And in these times, Marc offers some sage advice about going about building your own business. You not only have to sell what you know, but you have to find buyers willing to pay for your services.  PR professionals, like freelance writers (since there are as many or more unemployed journalists as unemployed marketing professionals), tend to take the low bids in a tough market to get work coming in the door. It doesn’t take long until accepting those low bids starts to yield negative returns. It gets harder to make a livable wage because you are competing with the lowest common denominator.

    When bidding for contract work you need to not only find someone with the cash to pay the freight, but you need to stand firm on your rates. Sure, running your own business gives you the freedom to accept and turn down the work you want, and to set the rates and terms you want. However, discounting your services to land a contract that may offer bigger bucks later never works. Once you come in as the low bidder, you will never be able to sell your services for a premium, even when you know you are worth it.

    Don’t fall into the trap that many consultants indulge in – underselling yourself. There never is a payoff later, and those discounted or worse, free contracts seldom bring in new business. Loss leader contracts are just that, a loss, so stand your ground and stand behind your rates. And if you are using your network appropriately, you’ll know if your rates are out of line with the market.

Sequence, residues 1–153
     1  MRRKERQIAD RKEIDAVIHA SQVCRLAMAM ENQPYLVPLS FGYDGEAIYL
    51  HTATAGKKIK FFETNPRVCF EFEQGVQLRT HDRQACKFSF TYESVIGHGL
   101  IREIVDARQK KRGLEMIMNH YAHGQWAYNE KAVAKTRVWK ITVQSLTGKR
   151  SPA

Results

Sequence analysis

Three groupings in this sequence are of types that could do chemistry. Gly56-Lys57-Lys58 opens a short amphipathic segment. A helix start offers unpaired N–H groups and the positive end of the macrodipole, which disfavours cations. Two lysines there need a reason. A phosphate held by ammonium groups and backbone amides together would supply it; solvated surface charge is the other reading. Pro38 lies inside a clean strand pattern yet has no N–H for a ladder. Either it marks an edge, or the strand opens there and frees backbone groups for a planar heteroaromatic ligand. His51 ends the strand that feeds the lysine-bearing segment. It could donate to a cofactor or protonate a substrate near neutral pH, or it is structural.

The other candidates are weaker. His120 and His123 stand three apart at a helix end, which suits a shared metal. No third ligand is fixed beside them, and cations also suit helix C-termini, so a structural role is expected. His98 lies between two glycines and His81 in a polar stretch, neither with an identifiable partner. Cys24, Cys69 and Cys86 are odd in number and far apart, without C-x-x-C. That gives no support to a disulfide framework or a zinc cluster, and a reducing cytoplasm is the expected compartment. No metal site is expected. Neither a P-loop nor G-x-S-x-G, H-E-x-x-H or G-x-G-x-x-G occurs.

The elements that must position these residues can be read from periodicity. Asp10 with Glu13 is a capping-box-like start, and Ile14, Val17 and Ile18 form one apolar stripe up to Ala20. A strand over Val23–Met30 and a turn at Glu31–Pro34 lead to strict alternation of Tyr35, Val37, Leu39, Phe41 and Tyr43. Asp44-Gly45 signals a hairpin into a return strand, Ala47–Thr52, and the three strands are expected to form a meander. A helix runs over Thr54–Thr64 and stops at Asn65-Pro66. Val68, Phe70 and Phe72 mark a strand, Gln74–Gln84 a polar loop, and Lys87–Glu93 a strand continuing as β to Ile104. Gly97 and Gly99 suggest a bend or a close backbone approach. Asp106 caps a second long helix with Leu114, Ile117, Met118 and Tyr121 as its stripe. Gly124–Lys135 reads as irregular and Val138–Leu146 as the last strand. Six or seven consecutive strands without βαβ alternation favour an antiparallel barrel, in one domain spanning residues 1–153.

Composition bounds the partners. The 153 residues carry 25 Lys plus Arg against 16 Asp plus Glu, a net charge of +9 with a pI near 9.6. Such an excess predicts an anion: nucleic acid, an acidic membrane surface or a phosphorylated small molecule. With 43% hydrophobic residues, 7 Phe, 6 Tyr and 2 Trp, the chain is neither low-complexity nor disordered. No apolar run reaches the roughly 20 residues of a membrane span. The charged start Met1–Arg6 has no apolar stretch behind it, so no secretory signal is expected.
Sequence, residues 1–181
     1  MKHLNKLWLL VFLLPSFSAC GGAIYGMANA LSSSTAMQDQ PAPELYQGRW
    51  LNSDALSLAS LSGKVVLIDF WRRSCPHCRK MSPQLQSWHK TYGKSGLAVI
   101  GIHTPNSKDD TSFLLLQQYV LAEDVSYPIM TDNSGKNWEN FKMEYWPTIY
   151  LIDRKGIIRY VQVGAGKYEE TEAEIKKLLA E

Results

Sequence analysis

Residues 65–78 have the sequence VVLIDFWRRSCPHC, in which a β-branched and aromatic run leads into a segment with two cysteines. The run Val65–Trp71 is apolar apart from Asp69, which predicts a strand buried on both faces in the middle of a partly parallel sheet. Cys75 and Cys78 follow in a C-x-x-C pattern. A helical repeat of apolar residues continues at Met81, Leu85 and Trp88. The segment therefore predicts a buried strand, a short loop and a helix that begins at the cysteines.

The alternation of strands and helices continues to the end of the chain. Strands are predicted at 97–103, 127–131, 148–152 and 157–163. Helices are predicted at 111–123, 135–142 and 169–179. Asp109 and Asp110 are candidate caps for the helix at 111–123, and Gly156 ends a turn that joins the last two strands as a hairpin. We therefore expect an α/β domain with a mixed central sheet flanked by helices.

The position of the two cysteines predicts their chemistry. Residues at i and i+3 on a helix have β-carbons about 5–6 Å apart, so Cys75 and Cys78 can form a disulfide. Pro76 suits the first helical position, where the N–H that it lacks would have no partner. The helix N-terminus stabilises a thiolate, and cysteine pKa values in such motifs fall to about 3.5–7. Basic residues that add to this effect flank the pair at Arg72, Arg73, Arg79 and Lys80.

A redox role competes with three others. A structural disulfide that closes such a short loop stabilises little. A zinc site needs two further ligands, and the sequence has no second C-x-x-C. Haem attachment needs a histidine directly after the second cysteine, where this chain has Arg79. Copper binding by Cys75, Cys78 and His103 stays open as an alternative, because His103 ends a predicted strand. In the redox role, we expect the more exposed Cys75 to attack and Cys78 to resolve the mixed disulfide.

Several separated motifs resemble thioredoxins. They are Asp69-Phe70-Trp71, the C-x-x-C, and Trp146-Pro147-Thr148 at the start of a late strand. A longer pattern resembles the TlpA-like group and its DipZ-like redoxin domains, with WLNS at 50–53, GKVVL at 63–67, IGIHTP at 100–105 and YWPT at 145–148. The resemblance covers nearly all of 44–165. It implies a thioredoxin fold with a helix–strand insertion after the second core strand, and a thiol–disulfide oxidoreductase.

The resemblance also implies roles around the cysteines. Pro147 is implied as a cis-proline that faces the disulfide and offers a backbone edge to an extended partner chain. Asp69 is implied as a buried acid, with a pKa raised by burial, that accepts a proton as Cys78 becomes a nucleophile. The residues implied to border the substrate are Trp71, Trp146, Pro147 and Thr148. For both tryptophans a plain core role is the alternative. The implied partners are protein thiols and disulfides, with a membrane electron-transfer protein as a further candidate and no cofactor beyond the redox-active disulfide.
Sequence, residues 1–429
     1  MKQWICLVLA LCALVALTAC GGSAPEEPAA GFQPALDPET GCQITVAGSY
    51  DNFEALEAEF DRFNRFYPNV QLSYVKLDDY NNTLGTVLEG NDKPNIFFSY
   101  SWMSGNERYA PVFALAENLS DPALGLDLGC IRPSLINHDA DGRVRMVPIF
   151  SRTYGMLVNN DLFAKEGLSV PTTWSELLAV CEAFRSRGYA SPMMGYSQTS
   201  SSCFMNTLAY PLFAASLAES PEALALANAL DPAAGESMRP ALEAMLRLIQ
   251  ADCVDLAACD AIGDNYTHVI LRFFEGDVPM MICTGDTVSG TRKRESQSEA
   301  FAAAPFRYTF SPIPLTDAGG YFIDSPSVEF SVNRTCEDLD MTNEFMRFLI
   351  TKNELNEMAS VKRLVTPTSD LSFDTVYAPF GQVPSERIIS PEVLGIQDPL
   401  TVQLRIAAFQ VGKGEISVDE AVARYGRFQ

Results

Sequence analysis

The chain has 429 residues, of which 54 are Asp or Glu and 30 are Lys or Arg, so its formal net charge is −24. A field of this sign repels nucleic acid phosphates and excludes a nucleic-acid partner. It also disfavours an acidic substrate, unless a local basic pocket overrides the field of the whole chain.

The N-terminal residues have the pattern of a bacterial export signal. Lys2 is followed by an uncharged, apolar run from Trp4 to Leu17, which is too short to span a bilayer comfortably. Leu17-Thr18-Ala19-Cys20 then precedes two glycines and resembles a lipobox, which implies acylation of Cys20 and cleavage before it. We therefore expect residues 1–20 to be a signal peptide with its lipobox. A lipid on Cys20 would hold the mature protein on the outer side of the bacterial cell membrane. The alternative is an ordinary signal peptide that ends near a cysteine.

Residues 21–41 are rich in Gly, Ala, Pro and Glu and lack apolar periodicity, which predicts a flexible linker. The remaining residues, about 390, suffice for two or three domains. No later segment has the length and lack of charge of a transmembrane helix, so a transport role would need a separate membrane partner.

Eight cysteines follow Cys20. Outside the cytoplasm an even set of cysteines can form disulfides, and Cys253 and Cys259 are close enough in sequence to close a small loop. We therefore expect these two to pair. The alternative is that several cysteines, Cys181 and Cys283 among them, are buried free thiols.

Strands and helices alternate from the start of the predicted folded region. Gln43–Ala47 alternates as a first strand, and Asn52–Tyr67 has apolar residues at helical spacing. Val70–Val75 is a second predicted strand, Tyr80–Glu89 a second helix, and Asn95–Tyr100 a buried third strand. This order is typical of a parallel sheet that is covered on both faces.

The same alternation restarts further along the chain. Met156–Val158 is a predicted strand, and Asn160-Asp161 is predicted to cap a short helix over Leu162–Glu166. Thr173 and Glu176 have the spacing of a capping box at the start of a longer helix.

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  • 11Feb

    I have been working on a video project for a client for some time now. The client had an opportunity to reach an influential part of its niche market through a proprietary video channel, so we set up a weekly video shoot to repackage the clients’ research and produce three-minute videos to post to the vertical channel. Research shows that videos have a very high impact on SEO and, when used properly, can have a huge impact on web visibility.

    Although we have been refining the quality of our web video productions and the content, we haven’t been able to get the viewership we want from YouTube, or our vertical video outlet. So it’s time to regroup and rethink our video strategy as an extension of our conventional social media program.

    This particular client has limited staff and resources (well, who doesn’t), and they service a very conservative market. Therefore they have been slow to adopt social media as part of their marketing program (despite my nagging). However, this new video program provides an ideal opportunity to jump-start their social media program, offering high-quality and informative content to targeted followers through multiple online channels.And there are some serious SEO advantages when you use video in the right way. I recently ran across an interesting presentation by Mark Robertson, CEO of ReelSEO, on how to optimize video for online search. Mark offers some interesting points. I’ve reposted his webinar presentation here for your edification.